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Quasar illuminates the most distant past.

Quasar illuminates the most distant past

A team of astronomers has identified the most distant object now known in the universe -- a quasar that was already emitting vast quantities of light only a billion years after the Big Bang. The discovery that such an object existed so early in the universe's history imposes severe constraints on theoretical models of how the universe evolved and how galaxies formed.

The astronomers determined the object's distance by measuring its light spectrum. As seen by Earth-based observers, light from distant objects is shifted to the red end of the spectrum. The more distant the light source, the greater this change in wavelength appears.

The record-breaking quasar, one of five high-redshift quasars recently found by Donald P. Schneider of the Institute for Advanced Study in Princeton, N.J., James E. Gunn of Princeton University and Maarten Schmidt of the California Institute of Technology in Pasadena, has a redshift of 4.73. It is so far away that its light takes more than 10 billion years to reach the Earth. The astronomers report their discovery in the December ASTRONOMICAL JOURNAL.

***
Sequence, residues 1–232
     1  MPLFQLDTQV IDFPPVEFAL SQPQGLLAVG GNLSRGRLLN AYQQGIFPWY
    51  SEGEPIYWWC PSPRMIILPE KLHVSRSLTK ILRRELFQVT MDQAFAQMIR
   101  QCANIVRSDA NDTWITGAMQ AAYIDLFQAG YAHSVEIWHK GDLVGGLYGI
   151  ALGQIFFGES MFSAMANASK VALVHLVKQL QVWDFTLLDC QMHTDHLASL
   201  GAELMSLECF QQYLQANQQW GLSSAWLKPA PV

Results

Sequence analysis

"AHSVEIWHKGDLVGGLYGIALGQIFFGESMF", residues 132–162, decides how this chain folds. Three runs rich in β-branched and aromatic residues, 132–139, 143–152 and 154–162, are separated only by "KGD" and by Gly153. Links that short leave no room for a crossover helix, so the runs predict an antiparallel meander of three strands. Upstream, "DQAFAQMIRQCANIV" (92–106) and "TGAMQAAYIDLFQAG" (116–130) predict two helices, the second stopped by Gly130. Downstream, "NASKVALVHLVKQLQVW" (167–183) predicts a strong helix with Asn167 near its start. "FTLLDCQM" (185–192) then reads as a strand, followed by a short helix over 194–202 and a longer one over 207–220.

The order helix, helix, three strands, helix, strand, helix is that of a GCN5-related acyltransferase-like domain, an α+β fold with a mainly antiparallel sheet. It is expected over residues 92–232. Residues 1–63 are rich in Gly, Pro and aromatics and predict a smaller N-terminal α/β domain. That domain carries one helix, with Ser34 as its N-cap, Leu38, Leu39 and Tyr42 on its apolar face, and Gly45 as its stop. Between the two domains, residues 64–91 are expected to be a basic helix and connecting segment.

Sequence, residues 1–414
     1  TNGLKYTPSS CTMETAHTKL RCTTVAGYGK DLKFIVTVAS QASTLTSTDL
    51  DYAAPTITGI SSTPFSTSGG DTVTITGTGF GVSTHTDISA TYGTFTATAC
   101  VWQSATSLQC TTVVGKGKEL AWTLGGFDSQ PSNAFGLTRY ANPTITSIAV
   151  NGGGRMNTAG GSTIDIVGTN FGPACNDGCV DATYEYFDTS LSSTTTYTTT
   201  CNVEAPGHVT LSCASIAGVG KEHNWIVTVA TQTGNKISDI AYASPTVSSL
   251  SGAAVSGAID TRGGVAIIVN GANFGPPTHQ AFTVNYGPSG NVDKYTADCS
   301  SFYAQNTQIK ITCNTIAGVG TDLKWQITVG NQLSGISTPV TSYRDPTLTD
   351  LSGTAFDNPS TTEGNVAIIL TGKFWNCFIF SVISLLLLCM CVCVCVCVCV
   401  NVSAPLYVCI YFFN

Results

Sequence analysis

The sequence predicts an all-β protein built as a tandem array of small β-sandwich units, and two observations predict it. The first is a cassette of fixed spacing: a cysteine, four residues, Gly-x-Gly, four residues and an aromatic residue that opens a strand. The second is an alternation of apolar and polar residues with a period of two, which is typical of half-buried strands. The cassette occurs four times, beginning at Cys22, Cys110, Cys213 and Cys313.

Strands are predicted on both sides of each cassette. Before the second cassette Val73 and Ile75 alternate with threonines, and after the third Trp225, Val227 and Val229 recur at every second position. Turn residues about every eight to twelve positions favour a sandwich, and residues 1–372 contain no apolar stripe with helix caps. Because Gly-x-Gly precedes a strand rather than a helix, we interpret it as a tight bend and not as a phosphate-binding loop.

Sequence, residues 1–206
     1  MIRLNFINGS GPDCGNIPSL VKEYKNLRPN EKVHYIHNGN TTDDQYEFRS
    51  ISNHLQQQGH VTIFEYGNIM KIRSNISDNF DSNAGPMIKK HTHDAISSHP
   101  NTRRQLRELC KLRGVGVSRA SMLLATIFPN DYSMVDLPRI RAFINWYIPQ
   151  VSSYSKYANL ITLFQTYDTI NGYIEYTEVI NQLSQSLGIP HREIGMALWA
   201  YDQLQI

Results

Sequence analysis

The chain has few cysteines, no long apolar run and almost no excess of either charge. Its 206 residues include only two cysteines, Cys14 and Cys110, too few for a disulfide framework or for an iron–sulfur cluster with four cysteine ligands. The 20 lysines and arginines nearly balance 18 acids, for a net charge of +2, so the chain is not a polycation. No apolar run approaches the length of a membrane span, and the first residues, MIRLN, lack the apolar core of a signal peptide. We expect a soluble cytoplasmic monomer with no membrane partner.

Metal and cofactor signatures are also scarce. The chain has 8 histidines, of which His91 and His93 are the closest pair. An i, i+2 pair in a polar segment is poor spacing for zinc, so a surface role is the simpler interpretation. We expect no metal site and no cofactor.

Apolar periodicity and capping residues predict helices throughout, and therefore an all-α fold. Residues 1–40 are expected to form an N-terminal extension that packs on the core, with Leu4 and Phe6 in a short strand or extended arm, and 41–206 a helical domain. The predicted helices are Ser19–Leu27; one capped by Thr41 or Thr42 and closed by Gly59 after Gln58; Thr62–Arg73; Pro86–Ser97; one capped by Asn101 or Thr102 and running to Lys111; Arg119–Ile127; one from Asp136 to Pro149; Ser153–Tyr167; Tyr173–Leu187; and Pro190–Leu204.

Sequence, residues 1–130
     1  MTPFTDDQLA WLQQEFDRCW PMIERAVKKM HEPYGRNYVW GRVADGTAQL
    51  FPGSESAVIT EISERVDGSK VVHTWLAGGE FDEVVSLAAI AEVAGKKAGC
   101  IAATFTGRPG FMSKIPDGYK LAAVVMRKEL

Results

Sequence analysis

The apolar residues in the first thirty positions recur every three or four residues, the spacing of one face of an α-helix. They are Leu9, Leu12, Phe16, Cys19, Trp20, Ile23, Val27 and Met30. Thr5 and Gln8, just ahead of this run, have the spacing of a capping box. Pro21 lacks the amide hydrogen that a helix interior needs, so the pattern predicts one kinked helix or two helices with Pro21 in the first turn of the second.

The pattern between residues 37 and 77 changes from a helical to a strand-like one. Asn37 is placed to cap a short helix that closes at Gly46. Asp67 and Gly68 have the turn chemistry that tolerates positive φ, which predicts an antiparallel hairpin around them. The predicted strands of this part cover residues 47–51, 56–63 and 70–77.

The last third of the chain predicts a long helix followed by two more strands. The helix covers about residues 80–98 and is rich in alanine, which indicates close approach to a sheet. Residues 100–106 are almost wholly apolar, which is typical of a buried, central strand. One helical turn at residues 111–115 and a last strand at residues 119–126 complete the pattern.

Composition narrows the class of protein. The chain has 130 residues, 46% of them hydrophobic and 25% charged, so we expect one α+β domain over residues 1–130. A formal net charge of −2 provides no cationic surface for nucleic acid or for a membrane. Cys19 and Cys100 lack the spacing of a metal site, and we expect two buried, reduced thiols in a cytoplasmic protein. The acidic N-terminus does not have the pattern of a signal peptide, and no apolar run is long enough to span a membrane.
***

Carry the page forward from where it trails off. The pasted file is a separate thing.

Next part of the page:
The discovery of a quasar with such a high redshift suggests that galaxies with massive black holes at their cores already existed when the universe was less than 7 percent of its present age. Moreover, the fact that astronomers have so far detected no obvious differences between light spectra from nearby and more distant quasars implies that galaxies in the distant past contained roughly the same materials as later galaxies.

"Considering how far away and therefore how far back in time these things are, it tells you that the elements were already in place in abundances similar to those we seem to see in our own neighborhood," says Patrick S. Osmer of the National Optical Astronomy Observatories in Tucson, Ariz.

These findings increase the difficulty of reconciling the extraordinary smoothness of the cosmic background radiation -- heat left over from the creation of the universe -- with the lumpiness of matter as it now appears in the form of galaxies (see adjacent story). By shortening the time in which the transition from smoothness to lumpiness must take place, the new observations effectively rule out a variety of theoretical models for the development of structure in the universe. For many cosmologists and astrophysicists, it's back to the thinking phase.
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Author:Peterson, I.
Publication:Science News
Date:Nov 25, 1989
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